Contract was a windfall for GPs but ‘not a good deal for patients’
But GPs employed on salaries gained very little, while practice nurses actually saw a real-terms decline in pay. Hoped-for gains in productivity did not occur: productivity fell two years running, by an average of 2.5 per cent a year.
The costs of the contract were partly covered by extra cash from the Department of Health, but the primary care trusts who pay GPs were not fully reimbursed. As a result, they had to find £406 million between 2003-04 and 2005-06 from their own resources, limiting their ability to improve services.
The NAO report does not openly criticise anyone for the outcome, which enriched GP partners at the expense of almost everybody else. But when pressed, Karen Taylor, director of health at the NAO, said: “I think as far as the public and taxpayer is concerned, the benefits they should have been expecting to see have not materialised to the extent they should have done. From their perspective, it’s not a good deal for them.”
There were some positives, she said. Recruitment and retention of GPs had improved, and the focus that the new contract brought on long-term conditions, such as diabetes, had helped patients. The average general practice appointment was longer — twelve minutes rather then eight — largely because an increasing proportion were being dealt with by nurses.
But NHS managers from top to bottom are found to have failed, by allowing the British Medical Association to negotiate a contract that enriched some of their members, shortened their hours and used up so much cash that reforms to services were stymied.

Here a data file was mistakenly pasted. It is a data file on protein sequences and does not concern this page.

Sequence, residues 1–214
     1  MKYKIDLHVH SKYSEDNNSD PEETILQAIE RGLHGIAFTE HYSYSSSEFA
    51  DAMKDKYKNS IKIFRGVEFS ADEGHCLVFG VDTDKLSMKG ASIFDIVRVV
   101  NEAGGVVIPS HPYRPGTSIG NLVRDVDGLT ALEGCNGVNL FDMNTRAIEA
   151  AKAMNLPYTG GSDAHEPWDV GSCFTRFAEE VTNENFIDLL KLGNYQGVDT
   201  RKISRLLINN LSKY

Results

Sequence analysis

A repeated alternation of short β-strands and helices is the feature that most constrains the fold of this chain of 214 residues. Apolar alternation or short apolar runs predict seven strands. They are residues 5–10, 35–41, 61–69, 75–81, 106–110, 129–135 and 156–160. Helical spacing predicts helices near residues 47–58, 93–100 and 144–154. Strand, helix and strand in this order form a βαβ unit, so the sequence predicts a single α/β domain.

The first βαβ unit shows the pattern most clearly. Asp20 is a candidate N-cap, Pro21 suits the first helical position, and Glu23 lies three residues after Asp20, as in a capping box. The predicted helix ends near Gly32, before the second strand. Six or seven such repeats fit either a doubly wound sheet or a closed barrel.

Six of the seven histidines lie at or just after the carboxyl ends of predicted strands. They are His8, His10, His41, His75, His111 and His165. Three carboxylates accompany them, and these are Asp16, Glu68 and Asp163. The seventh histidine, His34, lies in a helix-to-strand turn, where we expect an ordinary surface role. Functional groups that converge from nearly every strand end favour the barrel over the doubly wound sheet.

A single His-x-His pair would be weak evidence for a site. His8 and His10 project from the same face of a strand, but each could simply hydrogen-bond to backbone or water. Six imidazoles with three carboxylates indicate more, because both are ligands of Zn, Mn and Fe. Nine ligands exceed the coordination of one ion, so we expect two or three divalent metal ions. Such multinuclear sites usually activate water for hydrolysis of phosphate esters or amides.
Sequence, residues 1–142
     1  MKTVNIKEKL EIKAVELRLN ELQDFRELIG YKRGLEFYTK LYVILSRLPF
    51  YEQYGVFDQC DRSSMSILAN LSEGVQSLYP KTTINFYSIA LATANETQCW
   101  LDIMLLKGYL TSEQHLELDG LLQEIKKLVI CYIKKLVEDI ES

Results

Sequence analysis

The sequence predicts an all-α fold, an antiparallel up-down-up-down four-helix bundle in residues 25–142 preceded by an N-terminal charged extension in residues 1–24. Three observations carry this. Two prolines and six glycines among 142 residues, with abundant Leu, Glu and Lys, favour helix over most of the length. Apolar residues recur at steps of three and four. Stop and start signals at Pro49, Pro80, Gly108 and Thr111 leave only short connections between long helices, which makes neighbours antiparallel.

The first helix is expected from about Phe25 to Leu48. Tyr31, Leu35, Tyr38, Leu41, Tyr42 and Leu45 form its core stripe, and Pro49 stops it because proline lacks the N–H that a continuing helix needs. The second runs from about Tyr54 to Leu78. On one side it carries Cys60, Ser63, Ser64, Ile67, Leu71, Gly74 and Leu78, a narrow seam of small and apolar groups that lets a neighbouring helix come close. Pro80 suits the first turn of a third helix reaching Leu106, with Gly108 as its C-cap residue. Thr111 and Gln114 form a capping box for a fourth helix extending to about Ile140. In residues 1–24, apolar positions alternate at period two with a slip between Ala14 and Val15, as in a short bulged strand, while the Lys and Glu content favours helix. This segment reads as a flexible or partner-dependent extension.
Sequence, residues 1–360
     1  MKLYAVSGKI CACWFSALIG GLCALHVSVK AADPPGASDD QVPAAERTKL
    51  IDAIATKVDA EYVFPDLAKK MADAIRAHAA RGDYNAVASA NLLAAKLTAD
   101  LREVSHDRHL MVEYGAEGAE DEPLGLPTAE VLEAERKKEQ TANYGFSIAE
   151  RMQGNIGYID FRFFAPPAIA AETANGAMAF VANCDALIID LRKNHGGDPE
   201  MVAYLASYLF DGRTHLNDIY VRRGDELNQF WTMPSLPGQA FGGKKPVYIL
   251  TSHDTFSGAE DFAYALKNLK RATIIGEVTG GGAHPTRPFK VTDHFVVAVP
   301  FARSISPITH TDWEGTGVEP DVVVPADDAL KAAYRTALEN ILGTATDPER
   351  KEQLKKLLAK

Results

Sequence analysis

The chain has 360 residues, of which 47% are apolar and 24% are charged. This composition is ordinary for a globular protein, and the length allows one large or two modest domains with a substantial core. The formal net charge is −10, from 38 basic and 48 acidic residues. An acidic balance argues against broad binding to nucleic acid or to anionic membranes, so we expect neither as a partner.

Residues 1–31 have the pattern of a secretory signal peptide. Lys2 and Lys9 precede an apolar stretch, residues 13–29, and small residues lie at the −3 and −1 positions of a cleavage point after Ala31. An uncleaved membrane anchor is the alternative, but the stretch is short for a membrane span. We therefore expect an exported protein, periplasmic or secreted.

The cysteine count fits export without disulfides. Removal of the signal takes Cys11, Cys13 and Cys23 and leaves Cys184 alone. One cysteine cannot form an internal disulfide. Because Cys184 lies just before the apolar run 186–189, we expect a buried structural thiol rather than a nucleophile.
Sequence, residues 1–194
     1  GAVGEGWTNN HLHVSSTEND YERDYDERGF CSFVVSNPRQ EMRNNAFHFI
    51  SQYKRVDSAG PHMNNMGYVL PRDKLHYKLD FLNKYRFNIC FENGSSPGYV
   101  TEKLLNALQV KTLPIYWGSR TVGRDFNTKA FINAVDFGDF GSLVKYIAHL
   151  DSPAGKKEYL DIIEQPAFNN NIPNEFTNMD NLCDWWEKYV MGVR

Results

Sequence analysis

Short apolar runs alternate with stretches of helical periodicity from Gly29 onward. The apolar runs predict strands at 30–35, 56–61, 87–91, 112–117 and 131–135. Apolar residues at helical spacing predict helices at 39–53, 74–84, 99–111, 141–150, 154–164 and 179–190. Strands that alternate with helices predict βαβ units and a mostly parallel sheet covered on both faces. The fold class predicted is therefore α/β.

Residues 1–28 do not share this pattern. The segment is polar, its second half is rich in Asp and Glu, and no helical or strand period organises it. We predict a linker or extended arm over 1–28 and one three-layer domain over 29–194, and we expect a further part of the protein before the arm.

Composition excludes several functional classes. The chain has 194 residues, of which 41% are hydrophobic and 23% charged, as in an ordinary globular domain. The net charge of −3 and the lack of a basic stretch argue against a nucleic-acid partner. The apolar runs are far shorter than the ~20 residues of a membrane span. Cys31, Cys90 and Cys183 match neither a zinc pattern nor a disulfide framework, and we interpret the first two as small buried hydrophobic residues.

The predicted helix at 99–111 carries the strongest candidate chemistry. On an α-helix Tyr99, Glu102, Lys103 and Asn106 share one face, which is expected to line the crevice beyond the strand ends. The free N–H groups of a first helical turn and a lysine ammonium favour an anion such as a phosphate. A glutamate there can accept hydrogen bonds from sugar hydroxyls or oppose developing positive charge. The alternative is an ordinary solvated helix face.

The report says that in its “business case” to the Treasury justifying the contract, the department had quoted figures that underestimated its actual cost by £1.76 billion over three years.
There were three reasons, Ms Taylor said. The department underestimated how much GPs would earn from the quality and outcomes framework, which rewards them for the number of quality points they earn; it underestimated the cost of switching out of hours responsibilities to primary care trusts; and it underestimated what it would cost PCTs to administer the contract.
GP practices are paid a gross sum, out of which the partners pay the cost of running the surgery, including salaries of nurses and other working doctors. The partners share the profits.
Perhaps the most damaging aspect of the report is the figure showing what partners did with their increased payments. They boosted their own incomes by 58 per cent over the three years, to an average of £113,614 in 2005-06. Salaried GPs whom they employ gained just 3 per cent in the first two years, to £46,905, while the average practice nurse’s income reduced in real terms, the report says.
The NAO concludes that one reason the contract has so far failed in the redesign of services is that the BMA negotiated a minimum practice income guarantee (MPIG), which ensured that no practice would earn less under the new contract than it did under the old. It meant that GPs retained the benefits of the old contract where it suited them, while gaining greatly from the new one. MPIG should be phased out, the report says.
Tim Burr, head of the NAO, said: “There is no doubt that a new contract was needed and there are now 4,000 more GPs than five years ago. But in return for higher pay, we have yet to see real increases in productivity.”
Laurence Buckman, chairman of the BMA’s GP committee, said it was meaningless for the audit office to talk about productivity because the way GPs worked had changed. “Productivity should be measured in improvements in health, not the frequency of consultations. The early evidence is that the contract is leading to improvements in clinical care,” she said.
On February 07, 2008 Health Direct posted:Alan Johnson scraps with GPs over pay and opening hours
The 2004 general practitioner contract which the labour Government is now messily trying to unpick set a new benchmark for ineptitude by the Department of Health, whose weakness in contractual negotiations is legendary.
The agreement gave family doctors lavish salary increases tied to various incentives based on preventative health measures. In its first year it led to an average salary increase of 23 per cent, in the second year 10 per cent – an extra £30,000 a year in total.